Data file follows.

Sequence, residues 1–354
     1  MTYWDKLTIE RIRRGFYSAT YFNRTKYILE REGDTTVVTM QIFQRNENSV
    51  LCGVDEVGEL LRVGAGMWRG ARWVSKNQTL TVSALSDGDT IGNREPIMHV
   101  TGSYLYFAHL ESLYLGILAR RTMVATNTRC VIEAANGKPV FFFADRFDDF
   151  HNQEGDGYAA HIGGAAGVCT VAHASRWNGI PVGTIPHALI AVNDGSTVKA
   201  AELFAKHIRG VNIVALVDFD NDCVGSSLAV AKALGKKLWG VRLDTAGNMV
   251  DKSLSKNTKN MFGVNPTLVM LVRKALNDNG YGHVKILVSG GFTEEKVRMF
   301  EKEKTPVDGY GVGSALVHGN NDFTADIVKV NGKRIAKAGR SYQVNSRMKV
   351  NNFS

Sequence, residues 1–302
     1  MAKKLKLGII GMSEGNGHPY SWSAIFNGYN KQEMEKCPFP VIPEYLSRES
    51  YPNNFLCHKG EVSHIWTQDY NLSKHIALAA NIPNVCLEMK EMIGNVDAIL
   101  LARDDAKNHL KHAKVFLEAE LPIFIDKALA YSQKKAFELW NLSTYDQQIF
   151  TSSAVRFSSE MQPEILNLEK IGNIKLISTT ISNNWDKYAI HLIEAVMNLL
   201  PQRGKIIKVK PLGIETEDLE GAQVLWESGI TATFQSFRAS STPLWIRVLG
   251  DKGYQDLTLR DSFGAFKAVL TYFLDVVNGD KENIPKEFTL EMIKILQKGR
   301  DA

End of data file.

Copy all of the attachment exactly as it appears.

Sequence, residues 1–354
     1  MTYWDKLTIE RIRRGFYSAT YFNRTKYILE REGDTTVVTM QIFQRNENSV
    51  LCGVDEVGEL LRVGAGMWRG ARWVSKNQTL TVSALSDGDT IGNREPIMHV
   101  TGSYLYFAHL ESLYLGILAR RTMVATNTRC VIEAANGKPV FFFADRFDDF
   151  HNQEGDGYAA HIGGAAGVCT VAHASRWNGI PVGTIPHALI AVNDGSTVKA
   201  AELFAKHIRG VNIVALVDFD NDCVGSSLAV AKALGKKLWG VRLDTAGNMV
   251  DKSLSKNTKN MFGVNPTLVM LVRKALNDNG YGHVKILVSG GFTEEKVRMF
   301  EKEKTPVDGY GVGSALVHGN NDFTADIVKV NGKRIAKAGR SYQVNSRMKV
   351  NNFS

Sequence, residues 1–302
     1  MAKKLKLGII GMSEGNGHPY SWSAIFNGYN KQEMEKCPFP VIPEYLSRES
    51  YPNNFLCHKG EVSHIWTQDY NLSKHIALAA NIPNVCLEMK EMIGNVDAIL
   101  LARDDAKNHL KHAKVFLEAE LPIFIDKALA YSQKKAFELW NLSTYDQQIF
   151  TSSAVRFSSE MQPEILNLEK IGNIKLISTT ISNNWDKYAI HLIEAVMNLL
   201  PQRGKIIKVK PLGIETEDLE GAQVLWESGI TATFQSFRAS STPLWIRVLG
   251  DKGYQDLTLR DSFGAFKAVL TYFLDVVNGD KENIPKEFTL EMIKILQKGR
   301  DA